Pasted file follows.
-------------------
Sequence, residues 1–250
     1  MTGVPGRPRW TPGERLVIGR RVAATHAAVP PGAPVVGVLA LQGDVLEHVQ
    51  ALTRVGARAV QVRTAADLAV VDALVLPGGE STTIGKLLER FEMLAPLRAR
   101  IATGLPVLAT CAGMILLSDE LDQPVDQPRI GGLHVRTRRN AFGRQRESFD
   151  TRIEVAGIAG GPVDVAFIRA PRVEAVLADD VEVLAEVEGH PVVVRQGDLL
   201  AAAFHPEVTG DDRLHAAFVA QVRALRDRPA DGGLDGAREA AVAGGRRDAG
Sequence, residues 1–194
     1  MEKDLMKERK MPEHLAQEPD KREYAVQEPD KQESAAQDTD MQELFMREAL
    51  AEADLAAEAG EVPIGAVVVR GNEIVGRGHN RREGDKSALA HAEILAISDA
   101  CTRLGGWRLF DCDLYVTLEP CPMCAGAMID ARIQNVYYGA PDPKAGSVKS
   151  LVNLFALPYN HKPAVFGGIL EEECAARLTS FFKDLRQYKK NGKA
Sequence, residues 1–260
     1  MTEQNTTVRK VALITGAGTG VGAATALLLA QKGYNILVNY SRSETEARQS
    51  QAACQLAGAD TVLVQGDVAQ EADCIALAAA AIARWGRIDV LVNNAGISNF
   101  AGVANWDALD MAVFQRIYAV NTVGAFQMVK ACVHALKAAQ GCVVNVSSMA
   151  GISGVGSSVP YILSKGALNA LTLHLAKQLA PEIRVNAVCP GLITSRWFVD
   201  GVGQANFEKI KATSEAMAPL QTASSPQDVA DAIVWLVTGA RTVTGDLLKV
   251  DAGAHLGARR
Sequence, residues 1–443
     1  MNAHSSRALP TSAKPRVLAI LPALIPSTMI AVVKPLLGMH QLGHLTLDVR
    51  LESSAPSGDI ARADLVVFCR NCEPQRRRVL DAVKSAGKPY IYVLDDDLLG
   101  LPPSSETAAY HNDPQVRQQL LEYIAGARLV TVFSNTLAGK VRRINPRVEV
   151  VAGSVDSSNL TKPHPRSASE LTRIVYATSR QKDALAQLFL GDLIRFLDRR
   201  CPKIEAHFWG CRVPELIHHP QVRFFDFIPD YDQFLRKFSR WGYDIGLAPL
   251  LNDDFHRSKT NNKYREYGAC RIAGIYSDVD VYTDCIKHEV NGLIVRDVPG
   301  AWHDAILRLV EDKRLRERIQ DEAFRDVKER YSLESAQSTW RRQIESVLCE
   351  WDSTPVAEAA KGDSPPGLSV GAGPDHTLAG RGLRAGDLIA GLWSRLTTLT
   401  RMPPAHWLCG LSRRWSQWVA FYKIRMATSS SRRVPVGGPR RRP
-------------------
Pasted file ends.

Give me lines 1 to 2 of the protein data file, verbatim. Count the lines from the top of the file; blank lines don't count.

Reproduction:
Sequence, residues 1–250
     1  MTGVPGRPRW TPGERLVIGR RVAATHAAVP PGAPVVGVLA LQGDVLEHVQ